|Multiclass, error-correcting output codes (ECOC) model for SVM or other classifiers||Not applicable|
|Naive Bayes model||Not applicable|
|Neural network model|
|Support vector machines (SVM)|
For a comparison of these algorithms, see Characteristics of Classification Algorithms.
Choose a Validation Method
The three main methods to examine the accuracy of the resulting fitted model are:
Examine the resubstitution error. For examples, see:
Examine the cross-validation error. For examples, see:
Examine the out-of-bag error for bagged decision trees. For examples, see:
Examine Fit and Update Until Satisfied
After validating the model, you might want to change it for better accuracy, better speed, or to use less memory.
Change fitting parameters to try to get a more accurate model. For examples, see:
Change fitting parameters to try to get a smaller model. This sometimes gives a model with more accuracy. For examples, see:
Try a different algorithm. For applicable choices, see:
When satisfied with a model of some types, you can trim it using the appropriate
compact function (
compact for classification trees,
compact for regression trees,
compact for discriminant analysis,
compact for ECOC models,
compact for classification ensembles, and
compact for regression ensembles).
removes training data and other properties not required for prediction, e.g., pruning
information for decision trees, from the model to reduce memory consumption. Because
kNN classification models require all of the training data to predict
labels, you cannot reduce the size of a
Use Fitted Model for Predictions
To predict classification or regression response for most fitted models, use the
Ypredicted = predict(obj,Xnew)
objis the fitted model or fitted compact model.
Xnewis the new input data.
Ypredictedis the predicted response, either classification or regression.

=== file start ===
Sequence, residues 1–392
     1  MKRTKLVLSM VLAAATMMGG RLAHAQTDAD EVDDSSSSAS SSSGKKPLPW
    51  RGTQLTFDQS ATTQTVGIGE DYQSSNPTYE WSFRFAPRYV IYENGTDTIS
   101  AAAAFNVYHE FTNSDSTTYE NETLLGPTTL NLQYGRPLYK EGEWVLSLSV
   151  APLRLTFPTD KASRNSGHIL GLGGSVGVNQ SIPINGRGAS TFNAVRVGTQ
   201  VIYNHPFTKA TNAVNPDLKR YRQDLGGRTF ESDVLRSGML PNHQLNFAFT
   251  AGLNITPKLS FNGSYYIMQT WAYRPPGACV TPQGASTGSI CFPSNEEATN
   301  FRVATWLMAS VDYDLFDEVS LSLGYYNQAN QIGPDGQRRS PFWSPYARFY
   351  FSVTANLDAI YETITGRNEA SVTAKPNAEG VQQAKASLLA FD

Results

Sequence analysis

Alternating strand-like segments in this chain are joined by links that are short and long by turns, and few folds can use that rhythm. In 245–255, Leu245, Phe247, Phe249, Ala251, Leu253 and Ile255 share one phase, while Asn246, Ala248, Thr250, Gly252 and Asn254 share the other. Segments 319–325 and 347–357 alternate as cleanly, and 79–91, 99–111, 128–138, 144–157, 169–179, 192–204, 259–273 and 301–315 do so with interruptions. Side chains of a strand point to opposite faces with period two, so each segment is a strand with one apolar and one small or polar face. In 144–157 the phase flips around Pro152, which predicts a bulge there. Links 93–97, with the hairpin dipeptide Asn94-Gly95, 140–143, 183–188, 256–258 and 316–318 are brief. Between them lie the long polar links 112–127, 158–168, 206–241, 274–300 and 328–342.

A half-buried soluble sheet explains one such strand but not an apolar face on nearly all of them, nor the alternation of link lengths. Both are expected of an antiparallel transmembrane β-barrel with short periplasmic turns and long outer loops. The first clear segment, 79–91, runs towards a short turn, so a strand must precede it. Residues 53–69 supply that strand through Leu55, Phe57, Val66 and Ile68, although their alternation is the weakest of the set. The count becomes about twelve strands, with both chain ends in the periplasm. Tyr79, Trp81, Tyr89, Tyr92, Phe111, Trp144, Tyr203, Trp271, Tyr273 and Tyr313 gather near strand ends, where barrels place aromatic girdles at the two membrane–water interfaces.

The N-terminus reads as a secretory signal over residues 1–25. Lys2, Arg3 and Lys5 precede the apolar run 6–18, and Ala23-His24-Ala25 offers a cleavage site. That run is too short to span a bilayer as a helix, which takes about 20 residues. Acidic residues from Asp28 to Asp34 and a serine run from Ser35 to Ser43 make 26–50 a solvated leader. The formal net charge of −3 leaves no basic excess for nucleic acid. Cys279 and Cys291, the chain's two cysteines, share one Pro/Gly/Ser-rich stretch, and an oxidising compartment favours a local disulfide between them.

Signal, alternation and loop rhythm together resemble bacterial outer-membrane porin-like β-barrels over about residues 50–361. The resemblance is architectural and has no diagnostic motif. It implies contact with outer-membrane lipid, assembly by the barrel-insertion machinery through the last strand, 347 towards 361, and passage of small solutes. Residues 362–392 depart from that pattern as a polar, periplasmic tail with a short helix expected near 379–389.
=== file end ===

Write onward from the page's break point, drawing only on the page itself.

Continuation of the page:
Characteristics of Classification Algorithms
This table shows typical characteristics of the various supervised learning algorithms. The characteristics in any particular case can vary from the listed ones. Use the table as a guide for your initial choice of algorithms. Decide on the tradeoff you want in speed, memory usage, flexibility, and interpretability.
Try a decision tree or discriminant first, because these classifiers are fast and easy to interpret. If the models are not accurate enough predicting the response, try other classifiers with higher flexibility.
To control flexibility, see the details for each classifier type. To avoid overfitting, look for a model of lower flexibility that provides sufficient accuracy.
|Classifier||Multiclass Support||Categorical Predictor Support||Prediction Speed||Memory Usage||Interpretability|
|Decision Trees — ||Yes||Yes||Fast||Small||Easy|
— ||Yes||No||Fast||Small for linear, large for quadratic||Easy|
|SVM — ||No.|
Combine multiple binary SVM classifiers using
|Yes||Medium for linear.|
Slow for others.
|Medium for linear.|
All others: medium for multiclass, large for binary.
|Easy for linear SVM.|
Hard for all other kernel types.
|Naive Bayes —
||Yes||Yes||Medium for simple distributions.|
Slow for kernel distributions or high-dimensional data
|Small for simple distributions.|
Medium for kernel distributions or high-dimensional data
|Nearest neighbor —
||Yes||Yes||Slow for cubic.|
Medium for others.
||Yes||Yes||Fast to medium depending on choice of algorithm||Low to high depending on choice of algorithm.||Hard|
The results in this table are based on an analysis of many data sets. The data sets in the study have up to 7000 observations, 80 predictors, and 50 classes. This list defines the terms in the table.
Fast — 0.01 second
Medium — 1 second
Slow — 100 seconds
Small — 1MB
Medium — 4MB
Large — 100MB
The table provides a general guide. Your results depend on your data and the speed of your machine.
Categorical Predictor Support
This table describes the data-type support of predictors for each classifier.
|Classifier||All predictors numeric||All predictors categorical||Some categorical, some numeric|
|Nearest Neighbor||Euclidean distance only||Hamming distance only||No|
|Ensembles||Yes||Yes, except subspace ensembles of discriminant analysis classifiers||Yes, except subspace ensembles|
Misclassification Cost Matrix, Prior Probabilities, and Observation Weights
When you train a classification model, you can specify the misclassification cost
matrix, prior probabilities, and observation weights by using the
Weights name-value arguments,
respectively. Classification learning algorithms use the specified values for cost-sensitive
learning and evaluation.
Weights Name-Value Arguments
Suppose that you specify
Cost as C,
Prior as p, and
w. The values C, p, and
w have the forms
C is a K-by-K numeric matrix, where K is the number of classes. cij = C(i,j) is the cost of classifying an observation into class j when its true class is i.